LAGOS (AFP) – West African bloc ECOWAS has called on rebels in northern Mali to lay down their arms and said it would “take all necessary measures” to support the country’s government, a statement said Tuesday.
The 15-member Economic Community of West African States also said it aims to launch a mediation process to stop violence that has caused tens of thousands to flee.
It issued the statement following a fact-finding mission to the country led by ECOWAS commission chief Kadre Desire Ouedraogo from March 16-18.
The statement expressed concern over the humanitarian and security situation “provoked by the attacks in the north of the country by the rebel National Movement for the Liberation of Azawad (MNLA), and by the activities of suspected terrorist cells.”
“The mindless acts of violence, terrorism and banditry pose a serious threat not only to the territorial integrity of Mali and the regional integration process, but also to international peace and security,” it said.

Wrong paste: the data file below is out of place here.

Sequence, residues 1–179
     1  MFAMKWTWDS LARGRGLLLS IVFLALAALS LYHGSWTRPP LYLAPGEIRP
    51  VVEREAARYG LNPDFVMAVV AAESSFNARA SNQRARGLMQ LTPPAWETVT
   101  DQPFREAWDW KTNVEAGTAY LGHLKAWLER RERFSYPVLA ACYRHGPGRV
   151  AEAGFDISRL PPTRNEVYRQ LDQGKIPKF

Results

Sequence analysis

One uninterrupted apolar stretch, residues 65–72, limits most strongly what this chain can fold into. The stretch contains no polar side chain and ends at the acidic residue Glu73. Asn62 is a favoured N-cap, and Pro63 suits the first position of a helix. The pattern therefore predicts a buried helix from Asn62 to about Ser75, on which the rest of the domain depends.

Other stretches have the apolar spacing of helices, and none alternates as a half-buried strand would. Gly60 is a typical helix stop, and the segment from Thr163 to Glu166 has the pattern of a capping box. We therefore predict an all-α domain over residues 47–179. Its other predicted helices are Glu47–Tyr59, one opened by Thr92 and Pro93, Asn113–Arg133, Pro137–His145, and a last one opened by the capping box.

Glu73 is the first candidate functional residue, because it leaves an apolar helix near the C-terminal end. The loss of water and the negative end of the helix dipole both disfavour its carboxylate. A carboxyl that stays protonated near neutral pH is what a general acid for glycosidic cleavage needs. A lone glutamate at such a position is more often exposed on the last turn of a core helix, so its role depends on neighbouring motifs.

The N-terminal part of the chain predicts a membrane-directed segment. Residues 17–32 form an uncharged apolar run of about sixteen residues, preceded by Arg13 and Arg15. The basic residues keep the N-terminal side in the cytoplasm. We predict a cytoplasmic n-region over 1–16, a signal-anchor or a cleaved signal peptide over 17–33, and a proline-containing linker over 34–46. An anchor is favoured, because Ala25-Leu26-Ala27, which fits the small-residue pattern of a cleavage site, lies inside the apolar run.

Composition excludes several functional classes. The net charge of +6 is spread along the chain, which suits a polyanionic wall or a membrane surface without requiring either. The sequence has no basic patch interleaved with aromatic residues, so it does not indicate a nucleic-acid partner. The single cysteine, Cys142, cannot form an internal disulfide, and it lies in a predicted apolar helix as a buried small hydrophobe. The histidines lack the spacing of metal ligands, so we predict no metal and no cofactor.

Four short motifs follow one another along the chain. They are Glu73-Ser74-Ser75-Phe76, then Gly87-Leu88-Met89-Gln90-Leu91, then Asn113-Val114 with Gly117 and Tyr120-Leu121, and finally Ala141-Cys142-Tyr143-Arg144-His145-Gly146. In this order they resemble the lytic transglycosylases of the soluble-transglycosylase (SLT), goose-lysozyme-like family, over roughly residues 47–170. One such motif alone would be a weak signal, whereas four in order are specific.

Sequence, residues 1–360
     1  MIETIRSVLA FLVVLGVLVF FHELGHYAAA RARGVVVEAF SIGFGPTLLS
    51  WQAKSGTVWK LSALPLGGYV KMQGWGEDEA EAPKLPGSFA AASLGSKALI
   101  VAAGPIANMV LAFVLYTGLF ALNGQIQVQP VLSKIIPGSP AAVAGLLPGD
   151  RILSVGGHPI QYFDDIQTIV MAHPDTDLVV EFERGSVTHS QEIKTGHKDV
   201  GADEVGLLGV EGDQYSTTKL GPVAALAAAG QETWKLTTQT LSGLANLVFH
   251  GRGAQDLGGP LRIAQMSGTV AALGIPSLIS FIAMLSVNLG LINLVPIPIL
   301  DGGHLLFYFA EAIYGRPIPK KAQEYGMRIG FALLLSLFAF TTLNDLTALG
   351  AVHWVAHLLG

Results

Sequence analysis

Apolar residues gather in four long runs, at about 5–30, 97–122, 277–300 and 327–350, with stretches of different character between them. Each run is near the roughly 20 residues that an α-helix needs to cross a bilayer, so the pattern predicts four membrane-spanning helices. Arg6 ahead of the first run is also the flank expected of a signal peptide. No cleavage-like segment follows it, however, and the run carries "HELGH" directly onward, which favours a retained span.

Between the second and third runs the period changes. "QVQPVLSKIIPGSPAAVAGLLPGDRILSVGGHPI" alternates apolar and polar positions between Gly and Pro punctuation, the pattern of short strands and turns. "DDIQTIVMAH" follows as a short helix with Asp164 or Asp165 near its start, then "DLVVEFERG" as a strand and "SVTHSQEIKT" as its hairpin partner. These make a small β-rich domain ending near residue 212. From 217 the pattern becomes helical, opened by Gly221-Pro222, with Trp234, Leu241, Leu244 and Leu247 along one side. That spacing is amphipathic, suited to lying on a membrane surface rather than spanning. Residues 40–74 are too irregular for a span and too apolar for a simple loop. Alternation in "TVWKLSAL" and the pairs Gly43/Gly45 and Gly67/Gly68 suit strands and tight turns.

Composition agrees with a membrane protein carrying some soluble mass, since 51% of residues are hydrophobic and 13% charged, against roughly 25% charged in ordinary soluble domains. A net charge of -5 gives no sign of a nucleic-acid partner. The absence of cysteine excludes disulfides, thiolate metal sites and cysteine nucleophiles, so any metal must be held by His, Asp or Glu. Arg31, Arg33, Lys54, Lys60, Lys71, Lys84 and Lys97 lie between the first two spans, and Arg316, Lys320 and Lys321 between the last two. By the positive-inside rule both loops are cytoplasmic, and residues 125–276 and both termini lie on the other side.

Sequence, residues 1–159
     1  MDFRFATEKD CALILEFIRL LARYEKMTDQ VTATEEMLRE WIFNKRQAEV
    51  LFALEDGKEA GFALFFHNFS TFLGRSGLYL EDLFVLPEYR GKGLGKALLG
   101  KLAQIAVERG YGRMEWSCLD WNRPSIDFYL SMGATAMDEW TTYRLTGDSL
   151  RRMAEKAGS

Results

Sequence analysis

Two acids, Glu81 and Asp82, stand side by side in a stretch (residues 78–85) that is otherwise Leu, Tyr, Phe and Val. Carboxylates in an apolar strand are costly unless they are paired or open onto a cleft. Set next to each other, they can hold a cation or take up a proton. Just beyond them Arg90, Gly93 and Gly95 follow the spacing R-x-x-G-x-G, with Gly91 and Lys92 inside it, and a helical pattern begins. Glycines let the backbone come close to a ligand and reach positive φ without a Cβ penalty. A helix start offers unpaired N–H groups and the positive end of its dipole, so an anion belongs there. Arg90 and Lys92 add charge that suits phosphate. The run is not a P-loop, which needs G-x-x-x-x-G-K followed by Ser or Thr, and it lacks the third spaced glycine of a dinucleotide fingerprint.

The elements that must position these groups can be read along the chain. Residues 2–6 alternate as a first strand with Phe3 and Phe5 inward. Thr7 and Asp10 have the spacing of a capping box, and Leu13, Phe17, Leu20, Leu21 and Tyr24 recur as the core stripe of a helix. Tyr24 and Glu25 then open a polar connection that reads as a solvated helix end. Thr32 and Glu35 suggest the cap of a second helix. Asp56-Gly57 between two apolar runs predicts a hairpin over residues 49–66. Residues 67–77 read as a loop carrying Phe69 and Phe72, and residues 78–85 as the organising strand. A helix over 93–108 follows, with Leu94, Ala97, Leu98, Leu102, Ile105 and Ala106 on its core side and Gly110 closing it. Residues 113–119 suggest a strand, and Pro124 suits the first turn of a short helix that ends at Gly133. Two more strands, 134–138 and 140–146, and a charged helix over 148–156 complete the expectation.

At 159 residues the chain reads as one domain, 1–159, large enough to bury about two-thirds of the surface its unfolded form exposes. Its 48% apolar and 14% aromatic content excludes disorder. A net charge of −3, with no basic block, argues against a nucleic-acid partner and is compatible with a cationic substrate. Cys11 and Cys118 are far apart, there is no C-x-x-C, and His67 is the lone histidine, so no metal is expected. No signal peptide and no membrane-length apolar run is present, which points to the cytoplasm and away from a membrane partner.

ECOWAS condemned “atrocities perpetrated in the north by the rebels, and calls on the MNLA to immediately and unconditionally observe a ceasefire, lay down their weapons and relinquish all occupied territory in the north to central authority.”
It vowed solidarity with the Malian government and said it wanted “to leave the MNLA in no doubt that ECOWAS will take all necessary measures to assist the country to safeguard its sovereignty and territorial integrity and ensure the continuity of constitutional rule in the country.”
The bloc, headquartered in Nigeria and which includes Mali, said it planned to launch a mediation process in the coming days in cooperation with neighbouring nations.
Tuareg rebels have been waging their biggest offensive since a 2009 rebellion as they demand autonomy in Mali’s vast north, and have launched several attacks on towns in the region since mid-January.
There have been reports of scores of executions, as well as deaths of civilians and soldiers in the fighting.
The United Nations humanitarian office OCHA has said that the clashes have forced 195,000 people to flee their homes since mid-January.
Authorities have accused the Tuareg of joining hands with Al-Qaeda’s north African branch, which has been involved in kidnappings of Westerners and other criminal activities in the country’s vast desert north.
Many Tuareg rebels recently returned from fighting for fallen Libyan leader Muammar Gaddafi.